While movable tiny home aren’t quite legal in Victoria, the demand for smaller homes is alive and well in the midst of the housing crisis here in B.C.
A Tiny House Design and Construction course, May 4 and 5 at the Cordova Bay 55 Plus Association, will provide students with the nuts and bolts of designing a tiny home, constructing one, the legalities surrounding them and ways to save time and money.
The teacher, Ben Garratt of Tiny Healthy Homes, has been building movable tiny homes for the past six years and has constructed over two dozen within that time. He specializes in building the homes with non-toxic, low electromagnetic frequency, repurposed and salvaged materials, which he says are usually cost prohibited but pretty easy to do on a smaller scale.
READ ALSO: Victoria one step closer to tiny homes
According to Garratt the course can be overwhelming but offers a solid foundation of knowledge that people should understand before delving into their own projects.
“We’re covering like 16 different trades, an architecture degree and a project management degree so it’s a huge amount of information for a weekend,” says Garratt. “But it puts people on the right track so they’re not wondering what YouTube video to watch next.”
Garratt says that despite the hoards of videos online, the real beauty behind the course is connecting with like minded people, building a community and being able to ask questions in real time.
“Tiny house people, they’re not totally a breed among themselves — but they’re people who are trying to find a solution,” he says.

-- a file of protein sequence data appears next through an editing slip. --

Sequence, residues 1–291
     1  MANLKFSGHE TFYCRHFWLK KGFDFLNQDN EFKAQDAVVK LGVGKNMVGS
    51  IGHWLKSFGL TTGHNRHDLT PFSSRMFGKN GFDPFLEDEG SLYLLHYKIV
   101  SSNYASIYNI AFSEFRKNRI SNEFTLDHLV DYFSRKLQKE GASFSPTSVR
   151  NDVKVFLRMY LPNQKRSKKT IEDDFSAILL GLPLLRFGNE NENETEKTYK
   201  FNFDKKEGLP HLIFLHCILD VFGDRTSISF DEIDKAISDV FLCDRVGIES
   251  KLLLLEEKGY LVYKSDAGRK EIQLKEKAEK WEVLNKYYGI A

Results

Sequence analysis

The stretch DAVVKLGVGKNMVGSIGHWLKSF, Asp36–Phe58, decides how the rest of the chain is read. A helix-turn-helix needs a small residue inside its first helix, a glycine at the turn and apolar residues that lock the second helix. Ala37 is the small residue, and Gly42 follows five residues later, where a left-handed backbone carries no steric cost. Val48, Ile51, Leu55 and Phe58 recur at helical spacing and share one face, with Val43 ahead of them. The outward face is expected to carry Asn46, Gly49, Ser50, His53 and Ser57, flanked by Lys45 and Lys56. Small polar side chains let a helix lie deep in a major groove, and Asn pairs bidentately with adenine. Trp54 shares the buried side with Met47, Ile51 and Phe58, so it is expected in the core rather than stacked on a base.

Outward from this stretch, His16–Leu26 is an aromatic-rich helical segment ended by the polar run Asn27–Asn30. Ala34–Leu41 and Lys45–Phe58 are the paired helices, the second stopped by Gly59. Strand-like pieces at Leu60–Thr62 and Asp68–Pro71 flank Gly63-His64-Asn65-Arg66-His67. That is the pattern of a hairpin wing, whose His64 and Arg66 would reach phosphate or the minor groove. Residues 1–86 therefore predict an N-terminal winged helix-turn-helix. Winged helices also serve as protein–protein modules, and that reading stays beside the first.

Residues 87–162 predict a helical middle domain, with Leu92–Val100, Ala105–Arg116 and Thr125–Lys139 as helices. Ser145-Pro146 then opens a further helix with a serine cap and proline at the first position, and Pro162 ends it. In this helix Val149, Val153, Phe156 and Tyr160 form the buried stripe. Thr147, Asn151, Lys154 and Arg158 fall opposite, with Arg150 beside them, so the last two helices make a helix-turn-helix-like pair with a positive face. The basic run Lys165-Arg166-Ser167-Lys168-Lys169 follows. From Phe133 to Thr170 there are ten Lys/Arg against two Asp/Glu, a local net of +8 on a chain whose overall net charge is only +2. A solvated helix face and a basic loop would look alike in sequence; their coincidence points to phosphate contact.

Tobi Elliott, owner of Tiny House Building Courses B.C., says these courses are the first step to alleviating some of the impact being felt due to the housing crisis. According to Elliott the students are a real mix of people from young families to seniors trying to find a home.
“I know somebody coming from Salt Spring … he’s a father or two and has had to move repeatedly because they can’t get a good stable rental,” says Elliott. “He’s a working member of the community and he can not find a place to live.”
Elliott is hopeful for the future of tiny homes in B.C. after Washington State Congress passed a bill last week that proposes cities not discriminate against people living in tiny homes and promotes the use of appendix Q in the International Building Code, which defines the parameters of a tiny home.
“What we’ve struggled with in Canada is we don’t have a legal definition of what a tiny house is so they’re not adopted into the building code and therefore deemed illegal,” she says. “We’re just looking for a break somewhere in B.C. or in Canada — who is going to be the city to really make this legal so people can advance their living situations.”
For more information on the Tiny House Design and Construction course visit tinyhousecourses.com.
Follow us on Instagram Like us on Facebook and follow us on Twitter.